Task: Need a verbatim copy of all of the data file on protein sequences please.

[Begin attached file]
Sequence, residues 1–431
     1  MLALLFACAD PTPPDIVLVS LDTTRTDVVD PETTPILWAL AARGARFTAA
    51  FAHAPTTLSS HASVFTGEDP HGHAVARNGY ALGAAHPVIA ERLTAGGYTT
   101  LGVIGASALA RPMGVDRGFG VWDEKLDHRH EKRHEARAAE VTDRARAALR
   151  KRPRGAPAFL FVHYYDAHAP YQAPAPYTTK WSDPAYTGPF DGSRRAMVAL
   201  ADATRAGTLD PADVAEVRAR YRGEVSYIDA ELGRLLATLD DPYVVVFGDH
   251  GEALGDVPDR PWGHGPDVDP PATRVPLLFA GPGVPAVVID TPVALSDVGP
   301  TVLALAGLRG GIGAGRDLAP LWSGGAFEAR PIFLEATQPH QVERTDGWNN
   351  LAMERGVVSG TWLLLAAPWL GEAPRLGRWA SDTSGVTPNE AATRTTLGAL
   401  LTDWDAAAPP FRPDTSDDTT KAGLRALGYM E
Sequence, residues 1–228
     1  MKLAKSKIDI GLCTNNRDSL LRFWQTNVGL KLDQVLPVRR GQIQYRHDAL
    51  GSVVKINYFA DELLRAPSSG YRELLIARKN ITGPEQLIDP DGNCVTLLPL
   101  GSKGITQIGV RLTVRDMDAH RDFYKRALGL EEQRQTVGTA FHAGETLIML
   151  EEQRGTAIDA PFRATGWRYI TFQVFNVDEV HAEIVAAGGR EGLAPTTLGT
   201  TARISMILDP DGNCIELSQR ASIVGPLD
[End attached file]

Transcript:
Sequence, residues 1–431
     1  MLALLFACAD PTPPDIVLVS LDTTRTDVVD PETTPILWAL AARGARFTAA
    51  FAHAPTTLSS HASVFTGEDP HGHAVARNGY ALGAAHPVIA ERLTAGGYTT
   101  LGVIGASALA RPMGVDRGFG VWDEKLDHRH EKRHEARAAE VTDRARAALR
   151  KRPRGAPAFL FVHYYDAHAP YQAPAPYTTK WSDPAYTGPF DGSRRAMVAL
   201  ADATRAGTLD PADVAEVRAR YRGEVSYIDA ELGRLLATLD DPYVVVFGDH
   251  GEALGDVPDR PWGHGPDVDP PATRVPLLFA GPGVPAVVID TPVALSDVGP
   301  TVLALAGLRG GIGAGRDLAP LWSGGAFEAR PIFLEATQPH QVERTDGWNN
   351  LAMERGVVSG TWLLLAAPWL GEAPRLGRWA SDTSGVTPNE AATRTTLGAL
   401  LTDWDAAAPP FRPDTSDDTT KAGLRALGYM E
Sequence, residues 1–228
     1  MKLAKSKIDI GLCTNNRDSL LRFWQTNVGL KLDQVLPVRR GQIQYRHDAL
    51  GSVVKINYFA DELLRAPSSG YRELLIARKN ITGPEQLIDP DGNCVTLLPL
   101  GSKGITQIGV RLTVRDMDAH RDFYKRALGL EEQRQTVGTA FHAGETLIML
   151  EEQRGTAIDA PFRATGWRYI TFQVFNVDEV HAEIVAAGGR EGLAPTTLGT
   201  TARISMILDP DGNCIELSQR ASIVGPLD